"You may remember that Nelson at the battle of Copenhagen was ordered to
break off all action. His reply was to place his telescope to his blind eye
and report that he could see no signal. Whereupon he proceeded to win the
battle of Copenhagen.These events are reported to the audience by Vivien
Leigh as Emma Hamilton, but they have a powerful effect on the audience.
The film makes Nelson's disability an heroic and military virtue, not just
an unfortunate circumstance to be overcome.
Is this a fair assessment, and if so, is this use of disability unique?"
I think it's a fair assessment of the use of Nelson's image. The Hero of
Trafalgar, after all, stands atop one of the most notable and famous monuments
in London. I think the *use* of the story as a kind of folklore and in the
context of that particular film is suggestive, though. THAT HAMILTON WOMAN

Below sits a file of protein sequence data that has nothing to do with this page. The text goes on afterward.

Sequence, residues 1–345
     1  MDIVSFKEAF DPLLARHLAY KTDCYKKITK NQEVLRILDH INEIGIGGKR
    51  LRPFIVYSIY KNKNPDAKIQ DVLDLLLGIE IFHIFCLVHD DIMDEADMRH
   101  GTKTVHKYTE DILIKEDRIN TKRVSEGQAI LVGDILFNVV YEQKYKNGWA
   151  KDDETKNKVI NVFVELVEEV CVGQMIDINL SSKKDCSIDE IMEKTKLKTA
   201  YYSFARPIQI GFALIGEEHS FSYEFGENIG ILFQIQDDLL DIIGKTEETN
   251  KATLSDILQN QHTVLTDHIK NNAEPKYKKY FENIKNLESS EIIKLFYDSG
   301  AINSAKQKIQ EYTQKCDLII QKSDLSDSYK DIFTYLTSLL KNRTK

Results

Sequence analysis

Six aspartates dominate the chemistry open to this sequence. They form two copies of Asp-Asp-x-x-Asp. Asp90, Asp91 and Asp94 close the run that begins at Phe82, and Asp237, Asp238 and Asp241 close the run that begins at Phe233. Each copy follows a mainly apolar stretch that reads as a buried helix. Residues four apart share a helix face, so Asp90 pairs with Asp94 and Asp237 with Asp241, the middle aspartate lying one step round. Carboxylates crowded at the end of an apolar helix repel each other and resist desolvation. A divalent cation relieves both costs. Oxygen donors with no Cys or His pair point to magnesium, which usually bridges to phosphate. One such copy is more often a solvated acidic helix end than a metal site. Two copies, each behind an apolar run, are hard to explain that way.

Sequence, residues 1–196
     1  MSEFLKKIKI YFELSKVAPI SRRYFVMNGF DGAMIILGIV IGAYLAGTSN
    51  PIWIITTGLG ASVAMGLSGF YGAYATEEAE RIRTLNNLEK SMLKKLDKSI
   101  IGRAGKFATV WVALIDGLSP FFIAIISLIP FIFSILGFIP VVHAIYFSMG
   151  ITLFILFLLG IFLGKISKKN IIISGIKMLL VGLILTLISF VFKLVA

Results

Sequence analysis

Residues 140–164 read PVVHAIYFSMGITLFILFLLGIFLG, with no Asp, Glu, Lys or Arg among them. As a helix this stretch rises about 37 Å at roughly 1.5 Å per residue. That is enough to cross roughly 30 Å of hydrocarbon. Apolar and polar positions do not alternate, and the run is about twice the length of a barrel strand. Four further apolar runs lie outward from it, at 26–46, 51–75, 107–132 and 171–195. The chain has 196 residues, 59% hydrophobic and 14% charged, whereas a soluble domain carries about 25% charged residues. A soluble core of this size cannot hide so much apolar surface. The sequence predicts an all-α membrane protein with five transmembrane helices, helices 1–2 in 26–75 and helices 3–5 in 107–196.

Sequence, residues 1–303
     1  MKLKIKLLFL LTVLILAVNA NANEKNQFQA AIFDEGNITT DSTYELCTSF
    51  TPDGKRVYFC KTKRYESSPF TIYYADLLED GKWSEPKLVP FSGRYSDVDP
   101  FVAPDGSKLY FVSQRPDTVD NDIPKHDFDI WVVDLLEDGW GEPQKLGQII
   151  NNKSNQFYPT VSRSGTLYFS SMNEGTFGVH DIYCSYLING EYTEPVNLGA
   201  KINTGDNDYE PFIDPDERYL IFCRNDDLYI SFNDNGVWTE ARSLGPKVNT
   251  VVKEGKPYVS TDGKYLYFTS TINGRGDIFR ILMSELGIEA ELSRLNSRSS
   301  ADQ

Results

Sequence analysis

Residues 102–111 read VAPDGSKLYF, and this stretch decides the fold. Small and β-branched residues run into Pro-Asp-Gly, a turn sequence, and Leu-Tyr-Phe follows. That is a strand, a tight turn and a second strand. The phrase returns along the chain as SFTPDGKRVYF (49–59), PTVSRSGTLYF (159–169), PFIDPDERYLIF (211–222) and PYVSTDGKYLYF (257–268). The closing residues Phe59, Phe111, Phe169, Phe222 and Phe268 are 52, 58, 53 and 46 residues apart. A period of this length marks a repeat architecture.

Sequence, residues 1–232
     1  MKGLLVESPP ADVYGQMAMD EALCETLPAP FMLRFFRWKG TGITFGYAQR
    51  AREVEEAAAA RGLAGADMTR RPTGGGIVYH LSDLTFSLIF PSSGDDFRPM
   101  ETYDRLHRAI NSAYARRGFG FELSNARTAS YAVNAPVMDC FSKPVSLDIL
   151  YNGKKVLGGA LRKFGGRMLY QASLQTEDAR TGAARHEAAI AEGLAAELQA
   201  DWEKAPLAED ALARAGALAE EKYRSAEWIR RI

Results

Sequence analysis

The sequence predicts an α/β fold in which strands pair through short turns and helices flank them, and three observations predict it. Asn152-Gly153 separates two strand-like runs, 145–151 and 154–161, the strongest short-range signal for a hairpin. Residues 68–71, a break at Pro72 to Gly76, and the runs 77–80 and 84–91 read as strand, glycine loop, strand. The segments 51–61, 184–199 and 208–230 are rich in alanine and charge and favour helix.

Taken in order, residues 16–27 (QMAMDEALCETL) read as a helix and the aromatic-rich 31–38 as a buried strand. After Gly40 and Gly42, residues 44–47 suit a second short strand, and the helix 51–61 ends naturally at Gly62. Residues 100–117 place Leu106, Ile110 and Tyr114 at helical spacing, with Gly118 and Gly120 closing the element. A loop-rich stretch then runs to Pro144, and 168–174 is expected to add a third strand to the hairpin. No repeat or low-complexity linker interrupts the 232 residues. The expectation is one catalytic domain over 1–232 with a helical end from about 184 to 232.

is from 1941, starring the most famous stage couple of England, during the
height of the Battle of Britain. It is obviously meant to appeal to patriotic
themes (as Olivier's production of HENRY V was, as well) and in the figure
of Nelson to suggest that "disability" is no impediment to success and can
even be a tool towards that success. This reinforces the image of Britain
as isolated and beleagured but heroic in the face of huge odds.
At the same time, there's a certain mythic continuity in this story. One could
look at folktales such as THE FOOL OF THE WORLD, where it is the simpleton son
who triumphs with the help of associates who might otherwise seem disadvantaged
(the men who can see farther, hear farther, walk faster, eat more, etc. can be
seen as "disadvantaged" by their abilities--context is everything!).
On the other hand, you have the pop culture portrayal of characters with
disabilities who in some ways seem to have an advantage over "normally abled"
people. Consider Helen Keller as emblematic--she "sees" more because it
took so much more effort to learn to "see" and communicate in her own way.
On TV, that notion is often seen in characters associated with the law--
the spate of disabled detectives in the 1970s (IRONSIDE, LONGSTREET) or even
Marlee Matlin in REASONABLE DOUBTS or PICKET FENCES.
Don Larsson, Mankato State U (MN)
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